Diesel's performance gave audiences an introduction to the "Vin Diesel" persona that most people associate with the actor nowadays - previous to this movie, he starred in Spielberg's highly acclaimed Saving Private Ryan and wasn't considered a ridiculous "extreme" actor yet. Paul Walker's fame fell to new depths after the release of TFATF, finding the actor starring in films like Into the Blue (terrible) and Timeline (one of the worst). Interestingly, his 2006 film Running Scared was actually surprisingly solid - I'd highly recommend it for both Walker's performance and some really cool camera work.


Another thing this movie accomplished (that even Point Break couldn't) was creating a sense of family around Toretto and his group of friends. Part of this is probably because of the brother-sister relationship of Dom and Mia, but overall there was a palpable bond between the members. There's Jesse, the ADD-suffering computer tech/mechanic; Leon, basically hired muscle who has like four lines in the whole movie; Vince, Dom's friend since childhood; and Letty, Dom's manly-but-still-a-chick girlfriend. By simply giving the audience a small look into their home life through a BBQ scene and a montage featuring the group working on Brian's new car, the filmmakers solved the problem that Point Break had - we didn't care about any of the minor characters because we didn't know anything about them. If only the writers had written the side characters in TFATF to be more than one-dimensional caricatures, this movie might be viewed more favorably in the public eye.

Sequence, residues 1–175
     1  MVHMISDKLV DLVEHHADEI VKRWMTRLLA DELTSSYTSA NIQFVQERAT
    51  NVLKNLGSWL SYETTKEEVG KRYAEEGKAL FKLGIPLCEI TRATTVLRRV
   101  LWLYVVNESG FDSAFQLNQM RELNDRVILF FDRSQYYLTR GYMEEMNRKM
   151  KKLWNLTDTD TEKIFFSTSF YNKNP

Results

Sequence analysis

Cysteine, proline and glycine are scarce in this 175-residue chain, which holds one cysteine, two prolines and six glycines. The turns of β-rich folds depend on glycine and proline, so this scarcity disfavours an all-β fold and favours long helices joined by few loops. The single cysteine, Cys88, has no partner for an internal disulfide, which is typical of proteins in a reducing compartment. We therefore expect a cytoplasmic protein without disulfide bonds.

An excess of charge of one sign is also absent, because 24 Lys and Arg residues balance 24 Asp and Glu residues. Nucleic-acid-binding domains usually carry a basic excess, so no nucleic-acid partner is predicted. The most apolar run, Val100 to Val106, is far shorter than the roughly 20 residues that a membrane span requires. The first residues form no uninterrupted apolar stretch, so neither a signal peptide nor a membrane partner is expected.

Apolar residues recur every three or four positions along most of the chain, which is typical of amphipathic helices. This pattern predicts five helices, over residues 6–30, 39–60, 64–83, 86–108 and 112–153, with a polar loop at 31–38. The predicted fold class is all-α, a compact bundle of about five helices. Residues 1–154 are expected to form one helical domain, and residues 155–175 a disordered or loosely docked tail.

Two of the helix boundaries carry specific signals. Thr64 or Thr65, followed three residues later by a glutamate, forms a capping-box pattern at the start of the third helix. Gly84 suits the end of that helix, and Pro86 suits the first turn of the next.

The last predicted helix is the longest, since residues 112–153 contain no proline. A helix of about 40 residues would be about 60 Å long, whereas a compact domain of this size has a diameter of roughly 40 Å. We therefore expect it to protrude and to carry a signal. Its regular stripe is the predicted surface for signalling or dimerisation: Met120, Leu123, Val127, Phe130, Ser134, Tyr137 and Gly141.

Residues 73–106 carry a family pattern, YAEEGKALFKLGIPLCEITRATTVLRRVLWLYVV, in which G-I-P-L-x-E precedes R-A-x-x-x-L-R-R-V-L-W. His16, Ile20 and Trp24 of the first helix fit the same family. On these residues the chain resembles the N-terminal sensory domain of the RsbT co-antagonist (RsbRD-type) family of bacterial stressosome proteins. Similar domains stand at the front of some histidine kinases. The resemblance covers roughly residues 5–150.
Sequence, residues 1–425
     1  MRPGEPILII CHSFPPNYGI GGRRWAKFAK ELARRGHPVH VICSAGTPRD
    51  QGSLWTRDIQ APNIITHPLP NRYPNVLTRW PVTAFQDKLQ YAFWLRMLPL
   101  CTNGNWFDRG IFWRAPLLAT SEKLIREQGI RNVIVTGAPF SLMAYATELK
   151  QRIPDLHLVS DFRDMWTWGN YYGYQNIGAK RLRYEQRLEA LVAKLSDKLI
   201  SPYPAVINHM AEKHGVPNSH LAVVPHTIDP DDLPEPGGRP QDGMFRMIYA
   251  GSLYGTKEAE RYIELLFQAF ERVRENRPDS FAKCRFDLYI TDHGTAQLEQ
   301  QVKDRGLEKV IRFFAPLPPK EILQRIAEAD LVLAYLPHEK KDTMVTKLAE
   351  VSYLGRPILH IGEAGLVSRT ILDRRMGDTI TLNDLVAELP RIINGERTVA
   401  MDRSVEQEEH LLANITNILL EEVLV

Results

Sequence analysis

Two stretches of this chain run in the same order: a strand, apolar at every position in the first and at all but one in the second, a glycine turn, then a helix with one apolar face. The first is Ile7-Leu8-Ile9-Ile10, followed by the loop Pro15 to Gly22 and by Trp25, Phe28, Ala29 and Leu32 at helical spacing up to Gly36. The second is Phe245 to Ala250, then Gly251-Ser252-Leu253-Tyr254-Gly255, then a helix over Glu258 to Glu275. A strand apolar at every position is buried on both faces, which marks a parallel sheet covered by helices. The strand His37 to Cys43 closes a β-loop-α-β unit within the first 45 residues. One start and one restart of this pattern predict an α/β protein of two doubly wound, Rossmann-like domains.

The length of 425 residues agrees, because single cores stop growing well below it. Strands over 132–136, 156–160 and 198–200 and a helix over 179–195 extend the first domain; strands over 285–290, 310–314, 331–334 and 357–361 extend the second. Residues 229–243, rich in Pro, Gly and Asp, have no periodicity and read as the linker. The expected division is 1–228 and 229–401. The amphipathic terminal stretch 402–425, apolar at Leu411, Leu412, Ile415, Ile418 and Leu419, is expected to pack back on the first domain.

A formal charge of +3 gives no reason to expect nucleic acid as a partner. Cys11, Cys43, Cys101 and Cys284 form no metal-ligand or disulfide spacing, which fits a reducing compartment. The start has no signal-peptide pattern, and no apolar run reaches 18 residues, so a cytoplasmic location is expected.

While this film undoubtedly influenced the amount of rice burners we see on the streets - not a good thing in my opinion - it still should be seen as a fun summer flick that is worth watching if you're looking for a masculine jolt of energy. Stay tuned for reviews of the sequels over the next few months before the new film comes out this summer. Until next time...

*I use this term loosely. The ridiculous performances from Reeves, Swayze, Busey, and McGinley played a huge factor in my overall enjoyment of that movie, but on a serious note - it's really a solid action flick with a cool premise. I'll support it until the day I die.